Eurostar, terrorism, and Brexit
Cross-channel train operator Eurostar is looking to reduce headcount as it struggles with weak demand on its services in the wake of deadly terrorist attacks in France and Belgium.
[Eurostar aims to cut 80 jobs as traffic suffers after attacks, Reuters, 18 Oct 2016]
The company could not confirm British media reports saying Eurostar would cut two daily trains to Paris and one to Brussels when it unveils its 2017 timetables in December, the spokeswoman said.
“Nothing has been finalised yet,” she said. “We’re looking at all the different options.”
“But we are offering voluntary redundancies, that’s true. We are looking at cutting 80 jobs this year,” she added.
Eurostar introduced new, bigger trains last year, with more seats, which means the reduced number of services may not have an impact on the total seat capacity between London and the continent, British newspaper the Independent said last week.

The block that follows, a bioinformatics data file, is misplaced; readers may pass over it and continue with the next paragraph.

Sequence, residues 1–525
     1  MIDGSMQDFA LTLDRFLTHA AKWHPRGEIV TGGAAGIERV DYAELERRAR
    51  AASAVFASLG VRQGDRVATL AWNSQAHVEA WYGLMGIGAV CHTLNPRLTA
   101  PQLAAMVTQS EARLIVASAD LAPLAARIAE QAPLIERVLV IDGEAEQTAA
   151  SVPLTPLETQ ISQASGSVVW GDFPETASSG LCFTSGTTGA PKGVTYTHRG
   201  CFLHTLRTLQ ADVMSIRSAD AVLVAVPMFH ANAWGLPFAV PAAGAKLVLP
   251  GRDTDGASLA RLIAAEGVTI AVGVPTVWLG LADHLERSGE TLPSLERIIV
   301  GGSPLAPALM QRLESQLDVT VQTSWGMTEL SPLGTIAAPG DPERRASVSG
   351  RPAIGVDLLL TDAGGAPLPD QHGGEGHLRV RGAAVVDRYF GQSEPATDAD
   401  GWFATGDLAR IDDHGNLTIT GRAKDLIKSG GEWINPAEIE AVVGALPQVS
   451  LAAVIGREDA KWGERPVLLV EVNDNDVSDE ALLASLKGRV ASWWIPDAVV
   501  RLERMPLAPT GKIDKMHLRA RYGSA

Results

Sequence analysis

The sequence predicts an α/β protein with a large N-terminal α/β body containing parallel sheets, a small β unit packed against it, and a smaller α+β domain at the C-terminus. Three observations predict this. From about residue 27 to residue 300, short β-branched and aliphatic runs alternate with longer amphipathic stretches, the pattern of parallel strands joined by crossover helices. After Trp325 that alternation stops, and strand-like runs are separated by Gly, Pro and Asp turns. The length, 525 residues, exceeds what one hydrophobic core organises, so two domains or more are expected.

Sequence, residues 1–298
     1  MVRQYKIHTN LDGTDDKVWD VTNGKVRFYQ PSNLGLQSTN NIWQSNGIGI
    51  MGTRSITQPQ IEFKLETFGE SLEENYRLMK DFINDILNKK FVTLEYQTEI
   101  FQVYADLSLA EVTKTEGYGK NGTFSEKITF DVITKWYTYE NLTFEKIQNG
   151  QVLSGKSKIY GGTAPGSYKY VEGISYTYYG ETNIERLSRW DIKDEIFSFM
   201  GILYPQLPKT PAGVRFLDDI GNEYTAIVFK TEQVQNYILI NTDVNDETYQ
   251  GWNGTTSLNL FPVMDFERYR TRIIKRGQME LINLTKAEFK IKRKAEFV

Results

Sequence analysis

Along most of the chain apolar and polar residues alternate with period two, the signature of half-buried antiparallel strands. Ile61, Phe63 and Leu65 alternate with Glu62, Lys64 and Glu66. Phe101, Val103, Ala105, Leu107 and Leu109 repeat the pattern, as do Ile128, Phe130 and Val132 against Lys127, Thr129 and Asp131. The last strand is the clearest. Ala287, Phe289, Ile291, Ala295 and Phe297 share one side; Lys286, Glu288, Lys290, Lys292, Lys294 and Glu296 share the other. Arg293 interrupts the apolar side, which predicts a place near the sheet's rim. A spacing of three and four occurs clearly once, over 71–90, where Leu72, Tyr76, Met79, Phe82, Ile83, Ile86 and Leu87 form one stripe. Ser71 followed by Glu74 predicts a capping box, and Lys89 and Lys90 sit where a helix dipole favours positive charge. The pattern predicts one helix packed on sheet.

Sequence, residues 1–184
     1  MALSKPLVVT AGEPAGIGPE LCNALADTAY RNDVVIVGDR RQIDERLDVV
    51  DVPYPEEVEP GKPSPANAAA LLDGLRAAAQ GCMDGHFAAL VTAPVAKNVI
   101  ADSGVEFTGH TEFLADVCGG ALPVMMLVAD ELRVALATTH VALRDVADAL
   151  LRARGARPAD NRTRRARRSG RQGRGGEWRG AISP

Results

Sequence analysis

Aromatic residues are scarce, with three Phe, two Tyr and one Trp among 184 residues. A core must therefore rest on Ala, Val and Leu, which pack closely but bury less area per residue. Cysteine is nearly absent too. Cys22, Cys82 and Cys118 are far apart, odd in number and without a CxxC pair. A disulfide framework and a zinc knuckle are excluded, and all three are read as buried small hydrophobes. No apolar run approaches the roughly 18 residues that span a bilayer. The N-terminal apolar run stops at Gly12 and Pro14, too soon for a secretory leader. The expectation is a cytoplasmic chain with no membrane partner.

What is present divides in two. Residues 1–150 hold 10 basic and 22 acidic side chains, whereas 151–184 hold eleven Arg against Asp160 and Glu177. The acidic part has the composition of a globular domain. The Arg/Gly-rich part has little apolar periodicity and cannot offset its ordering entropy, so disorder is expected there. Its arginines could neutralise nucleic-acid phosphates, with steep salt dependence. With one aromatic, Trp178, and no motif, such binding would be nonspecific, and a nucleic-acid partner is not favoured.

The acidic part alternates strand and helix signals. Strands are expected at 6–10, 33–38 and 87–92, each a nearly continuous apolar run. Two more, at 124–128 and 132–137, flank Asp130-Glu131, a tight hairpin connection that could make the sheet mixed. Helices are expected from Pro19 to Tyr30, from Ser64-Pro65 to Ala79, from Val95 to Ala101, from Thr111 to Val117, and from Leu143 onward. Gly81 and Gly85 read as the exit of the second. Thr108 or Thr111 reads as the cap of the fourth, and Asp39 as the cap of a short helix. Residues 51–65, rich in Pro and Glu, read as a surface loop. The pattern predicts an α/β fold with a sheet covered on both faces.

In July, the train operator, majority-owned by France’s SNCF, reported a 3 percent drop in passenger numbers in the second quarter compared with the same period last year, while revenue fell 10 percent.
Britain’s decision to leave the European Union has also taken its toll, Eurostar has said.
On 13 May 2009 the European Commission approved £5.169 billion of “one-time” UK state aid ‘for the high-speed rail link service between London and the Channel as well as the restructuring of Eurostar’. Despite that massive bailout, and the ‘restructuring’ of track access charges, there must be increased doubts about whether Eurostar, in its present form, is what accountants call ‘a going concern’.